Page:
There’s no doubt about it – Krista Schleicher loves science. As a learner completing her PhD in University of Toronto’s Molecular Genetics program and doing her placement in the Schramek Lab at the Lunenfeld-Tanenbaum Research Institute, she spends her time at her lab bench completing experiments with optimism that they will uncover new insights into how tumors behave. When she’s not working, she’s catching up on some light bedtime reading on exciting new scientific discoveries. Krista was also recognized for her work this past year as the recipient of the Rose Torno Bursary, a Sinai Health education award created to encourage an interest in research and health sciences education.
Krista is doing specialized work in head and neck cancer, studying how gene mutations can result in the initiation and development of oral tumors. She had a pivotal moment as a young adult that sent her on a path of cancer research. When a close friend died after being diagnosed with Ewing’s Sarcoma, Krista saw first-hand the devastation of the disease. She says, “it was then that I knew I wanted to go into cancer research, to even make a small dent in the field. I hope that I can contribute some answers on the intricacy of the disease, especially for cancers that currently have minimal treatment options – anything to make a difference. Her memory is what keeps me going.”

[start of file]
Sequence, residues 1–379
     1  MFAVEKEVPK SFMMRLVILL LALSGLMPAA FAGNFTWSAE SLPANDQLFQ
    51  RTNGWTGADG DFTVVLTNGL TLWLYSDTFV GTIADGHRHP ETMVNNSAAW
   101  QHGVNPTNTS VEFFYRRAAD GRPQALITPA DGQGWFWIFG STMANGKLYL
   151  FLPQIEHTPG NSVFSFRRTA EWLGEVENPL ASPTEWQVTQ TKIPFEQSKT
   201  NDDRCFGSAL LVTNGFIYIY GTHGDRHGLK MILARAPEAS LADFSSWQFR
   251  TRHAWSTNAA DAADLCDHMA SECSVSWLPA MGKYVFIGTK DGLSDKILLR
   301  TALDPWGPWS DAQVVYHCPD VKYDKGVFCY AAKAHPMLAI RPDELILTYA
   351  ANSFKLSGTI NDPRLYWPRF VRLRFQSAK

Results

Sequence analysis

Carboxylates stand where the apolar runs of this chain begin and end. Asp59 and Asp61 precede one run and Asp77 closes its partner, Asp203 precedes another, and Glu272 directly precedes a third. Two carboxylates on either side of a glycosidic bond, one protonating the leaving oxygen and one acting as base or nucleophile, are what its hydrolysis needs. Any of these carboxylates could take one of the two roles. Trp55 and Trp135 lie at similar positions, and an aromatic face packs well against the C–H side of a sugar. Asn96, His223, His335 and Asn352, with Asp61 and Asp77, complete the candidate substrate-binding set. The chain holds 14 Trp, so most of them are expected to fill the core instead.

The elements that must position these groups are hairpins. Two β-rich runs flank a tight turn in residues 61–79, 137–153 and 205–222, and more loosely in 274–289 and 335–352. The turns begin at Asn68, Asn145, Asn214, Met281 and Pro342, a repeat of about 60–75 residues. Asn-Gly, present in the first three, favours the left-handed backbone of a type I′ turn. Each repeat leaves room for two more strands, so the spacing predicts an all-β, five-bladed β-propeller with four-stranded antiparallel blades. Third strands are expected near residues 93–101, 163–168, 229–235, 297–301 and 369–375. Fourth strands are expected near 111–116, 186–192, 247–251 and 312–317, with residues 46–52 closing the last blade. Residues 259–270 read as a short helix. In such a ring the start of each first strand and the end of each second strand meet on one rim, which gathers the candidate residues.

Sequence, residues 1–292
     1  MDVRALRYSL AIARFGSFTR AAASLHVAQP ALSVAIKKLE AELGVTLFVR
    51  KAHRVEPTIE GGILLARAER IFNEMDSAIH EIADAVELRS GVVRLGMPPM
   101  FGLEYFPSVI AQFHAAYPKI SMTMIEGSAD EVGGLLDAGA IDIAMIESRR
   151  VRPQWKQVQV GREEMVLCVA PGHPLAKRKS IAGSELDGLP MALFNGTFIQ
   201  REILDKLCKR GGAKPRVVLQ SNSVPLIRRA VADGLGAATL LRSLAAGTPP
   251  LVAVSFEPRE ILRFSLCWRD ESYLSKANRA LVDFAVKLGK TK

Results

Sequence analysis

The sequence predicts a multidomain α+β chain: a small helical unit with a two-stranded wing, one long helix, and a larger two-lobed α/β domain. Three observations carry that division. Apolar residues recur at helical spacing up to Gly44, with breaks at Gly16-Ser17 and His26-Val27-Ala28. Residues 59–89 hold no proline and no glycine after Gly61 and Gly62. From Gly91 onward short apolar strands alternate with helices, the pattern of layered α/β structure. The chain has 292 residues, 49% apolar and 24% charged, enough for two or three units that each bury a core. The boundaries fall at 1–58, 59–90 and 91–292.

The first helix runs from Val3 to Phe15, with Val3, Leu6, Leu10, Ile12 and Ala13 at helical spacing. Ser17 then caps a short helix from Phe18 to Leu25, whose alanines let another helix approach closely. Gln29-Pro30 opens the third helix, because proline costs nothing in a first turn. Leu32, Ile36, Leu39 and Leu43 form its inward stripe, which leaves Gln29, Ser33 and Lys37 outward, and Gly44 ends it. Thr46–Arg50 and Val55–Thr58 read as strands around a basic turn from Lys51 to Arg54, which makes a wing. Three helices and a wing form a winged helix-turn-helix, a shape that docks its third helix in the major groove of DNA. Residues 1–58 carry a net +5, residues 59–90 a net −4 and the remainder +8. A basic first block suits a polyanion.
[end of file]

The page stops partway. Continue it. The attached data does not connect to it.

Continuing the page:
The work of a scientist can result in long hours, writing, reading, and staring down a microscope. “I’ve learned more and more recently about the value of balance. Research is great, but you need a life outside of science too,” says Krista. She’s able to strive for this balance through spending time with her dog Maple, cozying up with some historical fiction, and travel. “I recently went to Hawaii, and it was great to just disconnect and recharge in such a beautiful place.”
Krista takes a great deal of joy in sharing her passion. “Communicating about science is becoming a big interest for me. Breaking down big, complex ideas for non-scientists is so important in a world that can be skeptical of science,” says Krista. One way she does this is as a coordinator of LTRI’s SciHigh program, dedicated to sparking interest in science for high school and elementary students. “This program is an amazing opportunity to share cool scientific techniques and experiments with kids,” she says. “It helps them to see that the job of a scientist can be as common and normal as the job of a doctor, or a teacher. And that scientists can be girly or nerdy or anything in between and beyond. We’re just people who like solving really complex puzzles.”